They just might be the tiniest teachers in Seattle: infants, being brought into the classroom for a lesson in empathy.
The 'Roots of Empathy' program has proven popular among elementary-aged children in Seattle. Now, there's a new twist.
"We've had Roots of Empathy in Seattle for seven years, and Seeds of Empathy is a younger version of Roots of Empathy, it's for three to five year old children," said the program's founder and director Mary Gordon.
Seattle is the first city in the U.S. to test out the 'Seeds of Empathy' program.
On Thursday, baby Sam and his mother arrived at a daycare classroom in Sand Point, for one of his lessons. This was his third visit with the group of toddlers.
Already, Gordon said they're seeing progress.
"I think the most striking part of witnessing what's happening here in this childcare center is the way the children are able to understand or give their take on what Same is feeling and what his intentions are," she said. "They see him as a little person, and they are advocating, give him this, that's what he wants."
A team of researchers from the University of Washington's Institute for Learning and Brain Sciences also sat in on Sam's visit.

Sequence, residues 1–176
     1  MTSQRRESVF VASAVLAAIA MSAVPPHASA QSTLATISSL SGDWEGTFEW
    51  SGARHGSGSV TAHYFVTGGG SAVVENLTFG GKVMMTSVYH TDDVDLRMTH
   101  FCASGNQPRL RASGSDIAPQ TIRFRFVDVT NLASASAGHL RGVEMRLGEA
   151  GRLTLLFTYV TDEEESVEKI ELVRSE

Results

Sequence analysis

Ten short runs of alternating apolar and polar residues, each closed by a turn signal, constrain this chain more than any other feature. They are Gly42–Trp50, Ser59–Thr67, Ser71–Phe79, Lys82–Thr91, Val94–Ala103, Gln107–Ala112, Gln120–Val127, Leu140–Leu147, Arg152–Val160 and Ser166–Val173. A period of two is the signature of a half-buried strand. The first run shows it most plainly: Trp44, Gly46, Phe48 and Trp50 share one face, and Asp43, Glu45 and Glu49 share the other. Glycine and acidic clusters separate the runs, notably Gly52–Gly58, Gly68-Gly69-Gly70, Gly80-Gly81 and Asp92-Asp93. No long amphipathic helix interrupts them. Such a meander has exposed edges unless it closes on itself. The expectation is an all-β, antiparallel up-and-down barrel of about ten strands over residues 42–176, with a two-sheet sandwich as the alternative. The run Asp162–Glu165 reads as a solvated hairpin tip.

They're conducting a separate study, to see the impact 'Seeds of Empathy' has on kids' brains.
"Seeds of Empathy is really teaching about perpsective taking and emotional literacy," said University of Washington Psychologist Andrew Meltzoff. "And we think children who are exposed to these babies in the seeds program will have more vibrant and more action reaction to the emotions of others."
Besides Seattle, the 'Seeds of Empathy' Program can only be found in Canada and Scotland.
The hope is to soon expand it to daycares throughout the U.S.
Meltzoff says that can't happen soon enough.
"Society needs people who are empathetic and can take the perspective of others. We need that desperately in our society. Thse are actually the seeds of that important ability," he said.